BORIS Johnson will swat away the SNP like midges, according to Scottish Tory MPs. Well, he may be about to find that it's extremely difficult to swat away midges. As any hillwalker knows, the little devils tend to cloud around your head, and no amount of swatting gets rid of them. The only escape is to run to the car and spray madly.

Mr Johnson has been doing a pretty good job of swatting himself recently and his interviews are becoming a serial calamity. But he is still heading for victory in the Tory leadership. It's time to consider just what happens on the 25th of July, a day that is likely to live in infamy.

Up to a dozen Tory MPs, including Kenneth Clarke, have resolved to vote against any Boris Johnson administration in a confidence motion – that's if Labour gets a chance to table one before the summer holidays (holidays you say – at a time like this?). But even if it is postponed till September, the numbers look very bad for Mr Johnson.

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The Tories have an ever-shrinking majority of three even with the help of the DUP. It's quite possible that Boris Johnson's premiership could be a one-day affair. But what happens then? Well, if the leader of the majority party is unable to win support of the house, after two weeks, Jeremy Corbyn has a chance to try his luck. But he is even less likely to win a Commons majority right now.

The Queen can't help since she is just a figurehead. It would be for the Speaker, John Bercow, to remind parliament that the only alternative is a general election. MPs will slouch back to their constituencies preparing for a horrendous time from angry voters who are fed up with the lot of them.


Both the Tories and Labour realise they are in for a drubbing. The Tories: for failing to deliver Brexit and for wasting three years. Labour: for being hopelessly divided over Brexit and for having a leader who's turned equivocation into a fine art. Even if Labour does a back-flip, and supports a People's Vote, it may be too late. This would alienate many Leave voters in Labour's 40 target seats.

The people cheering loudest will be the Brexit Party, followed by the SNP and the Lib Dems. On the basis of the EU referendum showing, the Brexit Party stand to win the next general election, but that's not going to happen. Results in Euro elections rarely translate into seats in the Commons.

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But Nigel Farage's people must be in the running to get 60 or 70 seats. The SNP are in line to get 50 seats, and the Liberal Democrats around 30, along with 10 DUP and a handful of Greens and independents. If the Tories return, say, 240 MPs, and Labour around 250, the arithmetic becomes excruciating.

Labour would claim victory as the largest party. But the Tories would claim to be larger if you include the DUP and the Brexit Party (assuming Nigel Farage agrees). Labour would respond that if you add in the Liberal Democrats, and the SNP, none of whom would support a Conservative Prime Minister, then Number Ten is there for Jeremy Corbyn's taking.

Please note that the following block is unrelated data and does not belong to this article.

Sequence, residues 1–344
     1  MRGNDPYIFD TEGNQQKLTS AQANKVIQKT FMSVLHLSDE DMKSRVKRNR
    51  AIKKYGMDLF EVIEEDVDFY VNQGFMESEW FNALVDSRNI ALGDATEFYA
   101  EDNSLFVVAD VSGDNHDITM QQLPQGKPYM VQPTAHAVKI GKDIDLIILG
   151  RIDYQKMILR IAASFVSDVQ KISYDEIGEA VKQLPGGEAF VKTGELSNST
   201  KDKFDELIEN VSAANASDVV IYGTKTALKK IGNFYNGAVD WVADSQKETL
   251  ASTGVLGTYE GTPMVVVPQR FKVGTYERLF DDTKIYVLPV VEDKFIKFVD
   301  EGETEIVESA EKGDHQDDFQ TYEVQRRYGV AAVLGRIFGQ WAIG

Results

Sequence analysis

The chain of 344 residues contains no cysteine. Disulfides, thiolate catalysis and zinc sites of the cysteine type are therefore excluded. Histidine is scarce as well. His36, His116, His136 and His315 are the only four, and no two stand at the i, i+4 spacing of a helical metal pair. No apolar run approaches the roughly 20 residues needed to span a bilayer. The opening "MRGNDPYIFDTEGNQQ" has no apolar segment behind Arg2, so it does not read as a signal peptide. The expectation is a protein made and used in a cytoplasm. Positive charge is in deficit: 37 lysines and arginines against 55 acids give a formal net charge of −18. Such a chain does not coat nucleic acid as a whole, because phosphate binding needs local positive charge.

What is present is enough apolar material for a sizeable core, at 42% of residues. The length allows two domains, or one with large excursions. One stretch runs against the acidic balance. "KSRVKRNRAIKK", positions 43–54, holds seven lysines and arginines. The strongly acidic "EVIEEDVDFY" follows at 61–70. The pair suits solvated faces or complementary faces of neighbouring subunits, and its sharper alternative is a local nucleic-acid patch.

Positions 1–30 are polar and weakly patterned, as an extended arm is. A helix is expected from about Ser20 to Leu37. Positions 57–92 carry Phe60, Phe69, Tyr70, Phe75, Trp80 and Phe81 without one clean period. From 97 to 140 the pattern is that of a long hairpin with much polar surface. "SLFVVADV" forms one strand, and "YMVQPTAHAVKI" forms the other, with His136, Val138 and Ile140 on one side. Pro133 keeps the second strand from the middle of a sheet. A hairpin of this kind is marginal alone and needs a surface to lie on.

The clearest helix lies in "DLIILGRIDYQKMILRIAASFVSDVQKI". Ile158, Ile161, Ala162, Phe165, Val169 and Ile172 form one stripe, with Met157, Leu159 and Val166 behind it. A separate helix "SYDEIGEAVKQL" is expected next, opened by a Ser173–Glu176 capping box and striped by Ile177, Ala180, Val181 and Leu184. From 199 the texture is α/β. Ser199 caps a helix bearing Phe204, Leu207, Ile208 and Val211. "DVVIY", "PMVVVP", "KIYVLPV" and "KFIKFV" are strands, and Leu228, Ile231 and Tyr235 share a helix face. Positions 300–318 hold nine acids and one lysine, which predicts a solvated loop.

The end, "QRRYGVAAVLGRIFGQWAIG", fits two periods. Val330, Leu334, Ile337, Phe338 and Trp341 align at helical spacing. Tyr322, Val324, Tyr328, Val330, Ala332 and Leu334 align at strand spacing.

But then the midges would appear in force. Nicola Sturgeon would surely demand a referendum on independence for Scotland as a precondition for entering any confidence and supply coalition with Labour. “Confidence and supply” means that they back Corbyn as Prime Minister, but don't agree to support all his policies. This would be a horrendous situation for the Labour leader.

His party is already deeply divided over a possible referendum on Brexit. It would now also be divided over the Union. Many Labour MPs feel as strongly about Scottish independence as they do about Brexit, and many would refuse to consider a referendum on independence, as Ed Miliband did in 2015.

For their part, the Conservatives would try to win over the Liberal Democrats. But there is no way, after Nick Clegg's disastrous 2010 coalition with the Cameron Conservatives (after which the Lib Dems were almost destroyed) that the next leader (probably Jo Swinson) would go down that road. But she is almost as hostile to Scottish independence as to Brexit. It's a double headache for Corbyn.

Perhaps a leader of political genius, a Harold Wilson perhaps, would be able to keep the non-Tory ducks in a row, but it seems most unlikely that Jeremy Corbyn would have the personality or the negotiating skills, to cope. We could be left with the worst of all possible worlds in a parliamentary democracy: where no party is capable of forming a government.

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The Fixed Term Parliament Act doesn't help much here. It has no solution to parliamentary deadlock other than a general election, and no one will want yet another one. Nigel Farage will be in his element. You can imagine him standing on the backbenches, railing against the feeble political elite, demanding action as the clock ticks down to Brexit on 31st October.

He's right. Britain doesn't have the time for a full scale, all-singing, all-dancing constitutional upheaval. Someone needs to be in Number Ten if only to be around when Brussels announces that Britain has left the EU without a deal.

So, if the SNP hold the balance of power, could Nicola Sturgeon offer a “historic compromise”? Might she promise that, if Jeremy Corbyn agrees to revoke Article 50, and hold a referendum on Brexit, she will shelve (again) her call for a referendum on Scottish independence, for the lifetime of the present parliament? She might have to, because there is just too much going on to hold another referendum on Scottish independence amidst the chaos.

Mind you, supporters of the SNP in Scotland might not see it that way. Could she really abandon this opportunity to win independence – an opportunity that might never come again? Either way, come September, the Scottish National Party could be deciding not just the fate of Brexit, but the fate of the Union itself. Try swatting that away.